“Then we do ’No Roof Left Behind.’ We give a new roof to one needy family each year. Last year, we gave two. We partner up with GAF Materials in New Jersey, who supply the materials,” Napolitano said. “We are a Master Elite contractor, which means we are among the top two percent of roofing companies nationwide [based on reputation].”
His charity work is selective and so is his demolition work occasionally, especially delicate adjustments when knocking down homes built around 1758 in this most historic of cities.
“We have two houses that we are building in Newport now. One is a historic renovation at 49 Second St. We are pouring a new foundation for a garage and a new two-story addition in the back. We just received Historic District Commission approval, because the house is more than 200 years old. The new structure has to be in harmony and the materials have to be in harmony with the existing house. It’s a very unique property. It’s the James Brown House in the Point section of Newport,” said Napolitano.
“I had to get historic approval to knock down a dilapidated two-story addition in the back. We had to do it by hand. We’re talking about sledge hammers, man power and saws-all. It probably took us two-and-a-half times longer to do it, than we usually do it. But it’s a neater, cleaner job,” Napolitano added.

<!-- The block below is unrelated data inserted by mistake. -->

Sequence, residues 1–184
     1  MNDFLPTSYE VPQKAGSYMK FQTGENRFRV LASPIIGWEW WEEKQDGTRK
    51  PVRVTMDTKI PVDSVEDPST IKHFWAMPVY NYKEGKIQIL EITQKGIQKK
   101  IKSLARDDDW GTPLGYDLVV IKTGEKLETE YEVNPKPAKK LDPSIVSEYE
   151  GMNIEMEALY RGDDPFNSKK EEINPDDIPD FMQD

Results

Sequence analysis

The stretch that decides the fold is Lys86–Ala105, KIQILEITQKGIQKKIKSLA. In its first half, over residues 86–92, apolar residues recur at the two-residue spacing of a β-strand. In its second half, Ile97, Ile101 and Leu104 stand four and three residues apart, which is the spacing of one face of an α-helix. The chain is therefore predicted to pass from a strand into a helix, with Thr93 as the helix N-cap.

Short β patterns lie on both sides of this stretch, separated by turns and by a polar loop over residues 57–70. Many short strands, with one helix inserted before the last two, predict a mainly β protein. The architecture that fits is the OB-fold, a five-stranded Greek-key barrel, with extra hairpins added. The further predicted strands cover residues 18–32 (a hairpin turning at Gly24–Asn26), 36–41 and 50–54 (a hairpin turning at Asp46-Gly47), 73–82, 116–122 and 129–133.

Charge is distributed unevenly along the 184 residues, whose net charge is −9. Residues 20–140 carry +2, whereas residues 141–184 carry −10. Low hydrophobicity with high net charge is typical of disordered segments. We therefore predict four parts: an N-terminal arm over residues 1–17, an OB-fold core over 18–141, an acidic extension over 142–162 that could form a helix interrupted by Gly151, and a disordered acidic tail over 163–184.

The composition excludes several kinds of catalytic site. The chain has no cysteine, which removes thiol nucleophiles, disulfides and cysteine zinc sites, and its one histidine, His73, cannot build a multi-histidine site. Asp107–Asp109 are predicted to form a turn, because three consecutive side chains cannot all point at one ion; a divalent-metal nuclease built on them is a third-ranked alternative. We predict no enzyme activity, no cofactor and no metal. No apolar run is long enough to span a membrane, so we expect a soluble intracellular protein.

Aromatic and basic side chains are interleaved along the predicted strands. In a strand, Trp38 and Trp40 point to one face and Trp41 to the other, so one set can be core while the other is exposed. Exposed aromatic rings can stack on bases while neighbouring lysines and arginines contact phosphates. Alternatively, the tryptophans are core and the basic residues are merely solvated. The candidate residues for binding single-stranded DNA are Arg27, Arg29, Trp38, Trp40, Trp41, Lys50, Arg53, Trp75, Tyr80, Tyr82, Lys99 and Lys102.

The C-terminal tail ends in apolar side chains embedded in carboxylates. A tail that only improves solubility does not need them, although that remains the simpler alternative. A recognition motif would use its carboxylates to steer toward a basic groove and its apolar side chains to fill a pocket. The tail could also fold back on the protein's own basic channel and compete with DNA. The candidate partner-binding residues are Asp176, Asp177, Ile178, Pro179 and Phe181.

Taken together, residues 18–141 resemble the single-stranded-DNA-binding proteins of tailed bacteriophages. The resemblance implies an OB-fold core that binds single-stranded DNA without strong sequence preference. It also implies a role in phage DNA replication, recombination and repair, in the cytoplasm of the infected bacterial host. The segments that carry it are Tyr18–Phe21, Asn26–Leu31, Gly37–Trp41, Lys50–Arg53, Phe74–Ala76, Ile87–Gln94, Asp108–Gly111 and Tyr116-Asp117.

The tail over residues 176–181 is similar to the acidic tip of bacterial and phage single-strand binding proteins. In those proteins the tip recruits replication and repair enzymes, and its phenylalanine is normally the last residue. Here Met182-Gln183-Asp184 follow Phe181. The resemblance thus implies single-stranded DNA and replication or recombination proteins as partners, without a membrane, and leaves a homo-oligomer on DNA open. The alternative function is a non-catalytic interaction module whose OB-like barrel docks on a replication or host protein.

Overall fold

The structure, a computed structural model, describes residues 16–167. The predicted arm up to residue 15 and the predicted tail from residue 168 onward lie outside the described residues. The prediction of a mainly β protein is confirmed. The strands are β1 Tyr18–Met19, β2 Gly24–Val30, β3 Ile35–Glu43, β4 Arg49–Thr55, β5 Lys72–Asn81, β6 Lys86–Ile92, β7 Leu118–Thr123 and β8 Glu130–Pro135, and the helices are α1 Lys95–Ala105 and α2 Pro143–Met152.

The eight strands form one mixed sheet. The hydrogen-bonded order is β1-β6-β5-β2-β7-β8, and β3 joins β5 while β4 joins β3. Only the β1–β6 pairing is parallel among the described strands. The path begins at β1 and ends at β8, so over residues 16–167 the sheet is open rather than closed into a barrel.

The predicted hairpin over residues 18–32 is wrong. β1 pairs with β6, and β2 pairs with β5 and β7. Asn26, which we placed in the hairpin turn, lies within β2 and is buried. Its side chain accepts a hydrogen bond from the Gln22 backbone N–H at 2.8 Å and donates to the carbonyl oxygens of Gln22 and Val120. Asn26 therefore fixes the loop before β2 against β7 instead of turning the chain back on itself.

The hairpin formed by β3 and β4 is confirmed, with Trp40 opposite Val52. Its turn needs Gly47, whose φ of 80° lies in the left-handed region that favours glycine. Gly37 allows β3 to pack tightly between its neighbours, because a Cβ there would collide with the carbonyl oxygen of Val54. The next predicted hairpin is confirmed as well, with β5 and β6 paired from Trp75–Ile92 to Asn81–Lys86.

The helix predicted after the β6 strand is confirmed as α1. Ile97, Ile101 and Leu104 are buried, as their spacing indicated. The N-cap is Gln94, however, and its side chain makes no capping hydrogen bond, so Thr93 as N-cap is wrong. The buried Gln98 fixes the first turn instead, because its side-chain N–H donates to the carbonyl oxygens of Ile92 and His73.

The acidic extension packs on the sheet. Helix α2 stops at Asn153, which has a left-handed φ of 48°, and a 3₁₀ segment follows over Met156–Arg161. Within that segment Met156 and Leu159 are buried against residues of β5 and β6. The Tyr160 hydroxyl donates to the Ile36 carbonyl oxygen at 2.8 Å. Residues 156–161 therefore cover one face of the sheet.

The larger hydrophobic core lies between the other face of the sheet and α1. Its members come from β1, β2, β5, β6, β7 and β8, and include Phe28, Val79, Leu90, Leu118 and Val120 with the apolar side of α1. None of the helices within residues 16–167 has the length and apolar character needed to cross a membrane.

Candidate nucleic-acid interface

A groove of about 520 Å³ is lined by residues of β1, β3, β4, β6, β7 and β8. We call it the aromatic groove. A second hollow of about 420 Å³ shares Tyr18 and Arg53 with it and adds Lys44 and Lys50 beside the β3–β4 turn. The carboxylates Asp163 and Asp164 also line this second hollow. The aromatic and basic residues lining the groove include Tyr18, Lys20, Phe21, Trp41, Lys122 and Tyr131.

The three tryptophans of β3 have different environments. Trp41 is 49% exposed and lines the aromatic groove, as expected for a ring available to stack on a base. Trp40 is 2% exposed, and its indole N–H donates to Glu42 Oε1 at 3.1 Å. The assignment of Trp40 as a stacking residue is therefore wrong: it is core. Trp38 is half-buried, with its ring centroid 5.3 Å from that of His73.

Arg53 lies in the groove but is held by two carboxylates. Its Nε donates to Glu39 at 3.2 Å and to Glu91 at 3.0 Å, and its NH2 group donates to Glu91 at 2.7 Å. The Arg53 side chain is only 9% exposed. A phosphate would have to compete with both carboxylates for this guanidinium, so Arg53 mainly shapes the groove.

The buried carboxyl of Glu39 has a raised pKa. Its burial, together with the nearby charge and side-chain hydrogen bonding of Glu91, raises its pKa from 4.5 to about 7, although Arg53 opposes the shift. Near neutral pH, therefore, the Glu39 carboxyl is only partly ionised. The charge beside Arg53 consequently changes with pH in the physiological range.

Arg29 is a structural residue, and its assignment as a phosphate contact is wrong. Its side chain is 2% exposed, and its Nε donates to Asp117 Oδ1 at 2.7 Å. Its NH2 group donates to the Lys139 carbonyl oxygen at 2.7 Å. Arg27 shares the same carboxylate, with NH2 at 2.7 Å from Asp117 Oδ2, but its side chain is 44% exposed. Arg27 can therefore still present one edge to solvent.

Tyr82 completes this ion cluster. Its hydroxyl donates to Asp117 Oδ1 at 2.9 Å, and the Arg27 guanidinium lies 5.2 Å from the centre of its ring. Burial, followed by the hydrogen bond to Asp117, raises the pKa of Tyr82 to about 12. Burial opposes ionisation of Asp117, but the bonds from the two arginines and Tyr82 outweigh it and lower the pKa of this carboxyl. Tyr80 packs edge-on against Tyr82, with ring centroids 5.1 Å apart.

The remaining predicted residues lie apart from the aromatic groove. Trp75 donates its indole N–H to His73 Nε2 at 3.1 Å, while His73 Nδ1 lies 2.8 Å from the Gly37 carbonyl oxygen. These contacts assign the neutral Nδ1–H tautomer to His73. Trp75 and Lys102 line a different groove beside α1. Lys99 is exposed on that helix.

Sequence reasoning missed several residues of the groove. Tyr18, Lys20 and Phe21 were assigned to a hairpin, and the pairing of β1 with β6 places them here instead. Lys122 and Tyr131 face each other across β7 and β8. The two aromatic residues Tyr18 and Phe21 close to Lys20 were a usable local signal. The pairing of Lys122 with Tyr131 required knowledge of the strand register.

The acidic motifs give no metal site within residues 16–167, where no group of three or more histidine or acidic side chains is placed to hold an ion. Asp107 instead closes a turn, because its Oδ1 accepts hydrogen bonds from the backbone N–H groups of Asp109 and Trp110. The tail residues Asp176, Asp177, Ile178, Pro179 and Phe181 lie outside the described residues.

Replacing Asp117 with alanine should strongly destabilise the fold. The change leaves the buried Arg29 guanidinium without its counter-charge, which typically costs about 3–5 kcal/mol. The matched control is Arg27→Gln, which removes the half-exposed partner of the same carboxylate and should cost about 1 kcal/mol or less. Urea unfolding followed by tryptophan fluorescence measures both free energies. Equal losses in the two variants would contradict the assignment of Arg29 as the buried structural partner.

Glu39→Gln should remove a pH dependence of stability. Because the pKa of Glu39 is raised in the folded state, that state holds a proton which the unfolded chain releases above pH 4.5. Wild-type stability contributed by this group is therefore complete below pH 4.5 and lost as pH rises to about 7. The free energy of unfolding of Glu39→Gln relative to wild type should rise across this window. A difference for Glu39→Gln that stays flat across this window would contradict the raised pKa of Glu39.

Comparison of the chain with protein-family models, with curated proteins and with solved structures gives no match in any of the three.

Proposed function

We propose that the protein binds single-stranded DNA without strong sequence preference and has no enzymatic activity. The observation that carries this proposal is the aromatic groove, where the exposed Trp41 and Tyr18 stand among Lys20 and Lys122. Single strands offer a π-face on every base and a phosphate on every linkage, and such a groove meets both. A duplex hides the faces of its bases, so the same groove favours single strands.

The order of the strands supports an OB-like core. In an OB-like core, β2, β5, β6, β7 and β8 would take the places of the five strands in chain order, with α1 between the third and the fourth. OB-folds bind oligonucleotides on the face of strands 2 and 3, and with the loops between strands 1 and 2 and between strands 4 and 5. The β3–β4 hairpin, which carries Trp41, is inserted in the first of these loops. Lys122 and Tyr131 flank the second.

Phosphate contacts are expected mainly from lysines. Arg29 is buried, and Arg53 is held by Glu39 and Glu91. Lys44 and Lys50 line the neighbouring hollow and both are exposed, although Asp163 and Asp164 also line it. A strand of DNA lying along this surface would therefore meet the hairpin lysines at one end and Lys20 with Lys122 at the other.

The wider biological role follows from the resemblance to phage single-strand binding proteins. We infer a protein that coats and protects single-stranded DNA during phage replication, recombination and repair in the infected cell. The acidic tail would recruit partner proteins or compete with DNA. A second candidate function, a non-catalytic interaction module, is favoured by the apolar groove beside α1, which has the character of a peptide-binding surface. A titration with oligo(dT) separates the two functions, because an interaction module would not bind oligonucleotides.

“We found a 6-inch, 29.5 pound cannon ball while we were excavating. Everybody is fascinated with this,” he said pointing to the cast iron ball six inches in diameter. “It’s unbelievable. I love it. It was under 12 inches of earth. We dug up the earth and we turned this thing up.” It is quite possible the cannon ball is from the Revolutionary War. Presently, it’s the most impressive paperweight in all of Newport.
A-1 also finishes off modern projects like new roofs on the Bay Voyage Hotel, and sub-contractor for companies even outside of New England.
“We do a lot of work for a lot of different GCs,” Napolitano said. “A ton of general contractors ask us to do sheet metal work for them, etc. We’ve sub-contracted to Benchmark Construction based in Westbrook, Maine. They called me up to finish a job in North Smithfield, R.I. It is unusual to work for a GC from other states, but we do that,” he said.
“We are ripping down a house in Skillman, New Jersey,” said Napolitano. “A client of mine who lives on Indian Avenue in Middletown [R.I.] asked me if I would be willing to go down and handle the whole deal down in New Jersey, because he was comfortable with me. I interviewed three excavators down there and I hired one. I went through the permitting process. I had to familiarize myself with that process down in Montgomery County, where Skillman is, and then I could proceed. I just like to expand my horizons and that’s a great way of doing it.”
For more information on A-1 Roofing and Construction, visit www.A1roofingcompany.com or call 401/265-1019.